Here is another of this blog’s infrequent forays into the world of early music reocordings. While visiting Sioux Falls this past weekend, I made a detour into a new (to me) thrift store calls Y’s Buys (it’s run by the YMCA). The place was huge. A bit overpriced, but ten times better than the measly Saver’s that’s further down 41st.
They had a small selection of 78rpm records, which at $1.99 apiece were ridiculously overpriced. I managed to find two interesting ones that weren’t broken (I mourn the death-by-neglect of “The Hipster’s Boogie”). I would never have paid their price if they hadn’t been a pair of labels that I’ve never seen before, and will unlikely come across again soon.
Herschel Gold Seal immediately intrigued me with its obviously Jewish moniker and local Northwestern Phonograph Supply Co name. Usually, these indicate a very small record company with a limited catalog and primarily long-forgotten regional artists. The hard part about researching such labels is that today there is almost no surviving information about them. To my surprise, my initial research lasted only five minutes before I hit pay dirt.
A few years ago, science journalist and musical history buff Kurt Gegenhuber began a quest to discover the musicians who played “The Moonshiner’s Dance, Part 1″, featured in the legendary Anthology of American Folk Music. That record was also a Herschel Gold Seal release, and it led Gegenhuber on a sprawling historical journey through the Twin Cities’ early 20th-Century Jewish culture, a journey he recounts in his terrific article Music, Moonshine, and Mahjong. It turns out that Herschel Gold Seal was a house label maintained by Gennett Records for Harry Bernstein’s chain of Minneapolis/St Paul record stores in the late ’20s and early ’30s. The relationship probably originated with the fact that Harry Bernstein’s was a former Starr Piano distributor, and Starr Piano was Gennett’s parent company (the recording division changed its name from Starr to Gennett in 1917).
Gennett Records is a sprawling story in itself. They seemed to specialize in leasing their vast library of recordings to many smaller record labels. Adding to the confusion, they changed their name to Champion in 1930 but continued releasing some of the same recordings previously released on Gennett. I have found side A of this record, “Meadow-Lark” by the Royal Troubadors, on three different labels under as many band names, all apparently the same recording. This particular record, BTW, is a relabel of Gennett 3388, issued around 1927.
Side A: Meadow-Lark, by the Royal Troubadors. Recorded 10/04/1926. This side has heavy surface damage. I did the best I could to minimize the noise. It’s listenable, but not great.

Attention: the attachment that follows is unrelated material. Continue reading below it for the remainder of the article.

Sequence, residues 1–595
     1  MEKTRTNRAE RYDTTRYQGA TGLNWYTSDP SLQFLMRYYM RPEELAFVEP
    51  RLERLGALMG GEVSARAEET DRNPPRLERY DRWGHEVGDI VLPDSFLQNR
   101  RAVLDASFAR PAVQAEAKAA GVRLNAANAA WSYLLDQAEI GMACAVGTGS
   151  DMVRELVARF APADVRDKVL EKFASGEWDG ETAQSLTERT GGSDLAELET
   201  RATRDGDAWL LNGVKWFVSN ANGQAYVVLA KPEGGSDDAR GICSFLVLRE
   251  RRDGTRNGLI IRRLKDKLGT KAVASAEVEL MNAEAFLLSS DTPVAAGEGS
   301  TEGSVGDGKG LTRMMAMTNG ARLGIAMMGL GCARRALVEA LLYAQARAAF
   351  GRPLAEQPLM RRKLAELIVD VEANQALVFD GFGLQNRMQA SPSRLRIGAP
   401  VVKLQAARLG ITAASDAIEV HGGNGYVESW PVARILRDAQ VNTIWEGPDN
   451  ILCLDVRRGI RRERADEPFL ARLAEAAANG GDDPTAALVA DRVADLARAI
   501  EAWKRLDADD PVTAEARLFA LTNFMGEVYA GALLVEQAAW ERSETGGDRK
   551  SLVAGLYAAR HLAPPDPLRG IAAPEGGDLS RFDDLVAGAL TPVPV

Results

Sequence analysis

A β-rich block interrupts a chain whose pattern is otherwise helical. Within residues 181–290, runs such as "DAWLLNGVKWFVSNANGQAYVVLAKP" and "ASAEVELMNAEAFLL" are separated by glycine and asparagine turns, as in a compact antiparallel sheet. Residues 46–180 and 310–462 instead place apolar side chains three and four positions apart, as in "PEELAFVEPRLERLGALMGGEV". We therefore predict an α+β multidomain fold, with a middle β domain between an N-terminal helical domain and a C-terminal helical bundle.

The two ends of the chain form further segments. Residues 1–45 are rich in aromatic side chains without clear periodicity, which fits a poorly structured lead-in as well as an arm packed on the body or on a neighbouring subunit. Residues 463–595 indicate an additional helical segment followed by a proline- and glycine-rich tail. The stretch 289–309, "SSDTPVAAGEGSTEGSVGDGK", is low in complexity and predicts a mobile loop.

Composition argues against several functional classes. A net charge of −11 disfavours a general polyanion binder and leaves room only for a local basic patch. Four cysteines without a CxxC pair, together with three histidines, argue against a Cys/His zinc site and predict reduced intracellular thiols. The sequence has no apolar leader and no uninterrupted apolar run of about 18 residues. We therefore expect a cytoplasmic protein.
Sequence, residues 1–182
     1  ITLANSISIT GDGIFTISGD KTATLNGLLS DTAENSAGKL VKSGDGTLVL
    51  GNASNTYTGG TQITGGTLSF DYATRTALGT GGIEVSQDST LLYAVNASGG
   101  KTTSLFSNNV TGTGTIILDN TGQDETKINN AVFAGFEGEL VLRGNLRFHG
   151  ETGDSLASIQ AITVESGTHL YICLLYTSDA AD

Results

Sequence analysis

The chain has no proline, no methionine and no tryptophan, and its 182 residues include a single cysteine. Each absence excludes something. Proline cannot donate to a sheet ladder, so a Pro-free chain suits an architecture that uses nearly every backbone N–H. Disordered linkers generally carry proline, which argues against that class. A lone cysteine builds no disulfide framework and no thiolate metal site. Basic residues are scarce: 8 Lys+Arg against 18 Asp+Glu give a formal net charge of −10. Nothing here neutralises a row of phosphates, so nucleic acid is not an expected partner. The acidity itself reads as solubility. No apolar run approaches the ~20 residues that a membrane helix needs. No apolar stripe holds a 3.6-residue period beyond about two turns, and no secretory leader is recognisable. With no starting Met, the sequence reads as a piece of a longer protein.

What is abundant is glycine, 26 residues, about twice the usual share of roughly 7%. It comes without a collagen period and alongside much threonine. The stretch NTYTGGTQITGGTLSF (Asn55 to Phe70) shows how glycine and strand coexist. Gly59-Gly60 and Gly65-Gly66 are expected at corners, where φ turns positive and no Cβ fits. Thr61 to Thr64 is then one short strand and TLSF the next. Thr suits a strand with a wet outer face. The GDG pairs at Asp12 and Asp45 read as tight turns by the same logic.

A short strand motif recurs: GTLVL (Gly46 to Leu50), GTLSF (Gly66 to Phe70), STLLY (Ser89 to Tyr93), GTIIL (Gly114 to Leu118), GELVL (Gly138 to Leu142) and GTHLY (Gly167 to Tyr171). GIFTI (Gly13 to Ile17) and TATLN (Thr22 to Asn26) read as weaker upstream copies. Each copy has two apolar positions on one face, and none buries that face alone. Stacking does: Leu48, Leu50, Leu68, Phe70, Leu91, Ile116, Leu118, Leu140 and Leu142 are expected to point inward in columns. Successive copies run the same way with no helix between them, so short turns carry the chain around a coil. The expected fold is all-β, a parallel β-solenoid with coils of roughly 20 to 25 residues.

Side B: Sunday, by Harry Pollack and His Club Maurice Diamonds. Recorded 10/01/1926. Again, listenable, but the quality was pretty bad to begin with, and you can do only so much with a disk that’s had its dynamic range ground down to nothing by multiple passes with a steel needle.
As a rule, I hate polka, but I was delighted to find this disk. WNAX is well-known to anyone who grew up in South Dakota, North Dakota, Nebraska, or western Minnesota or Iowa. An unusually powerful station for a relatively small community–in the ’40s it claimed to have the country’s tallest transmitting tower–WNAX was one of the most popular stations in the predominantly rural upper midwest. The rest of the country better recognizes its most famous musical prodigy, Lawrence Welk, whose decade-long stint as leader of the WNAX house band took him from struggling road musician to household name.
After the Welk era, WNAX housed many acts, mostly specializing in the polka-style music the heaviliy-Germanic upper-plains population enjoyed. One of the longest-lived of these groups was the WNAX Bohemian Band. The Bohemian Band could be heard every weeknight at 6:15, and played under the sponsorship of Minneapolis-based Grain Belt Beer. (The “Grainbelt Polka” song featured on this record is surely a thinly-veiled advertisement for their sponsor.)
The WNAX Bohemian Band. L-R: Billy Dean, Homer Schmidt (a veteran of Lawrence Welk’s ensemble), Bill Tonyan (still alive and performing!), Keith Eide, Rex Hays, Lynn Edwards, Eddie Texel, and Fred Burgi.
I left the noise level higher in these two recordings, because the dynamic range was so unusually well-preserved in these little-played sides that I didn’t want to sacrifice it. They’re still pretty good quality. The A side and B side are a guess, as the record has no catalog number. I went by the sequence of their recording matrix numbers.
Side A: Marenka Polka
Side B: Grainbelt Polka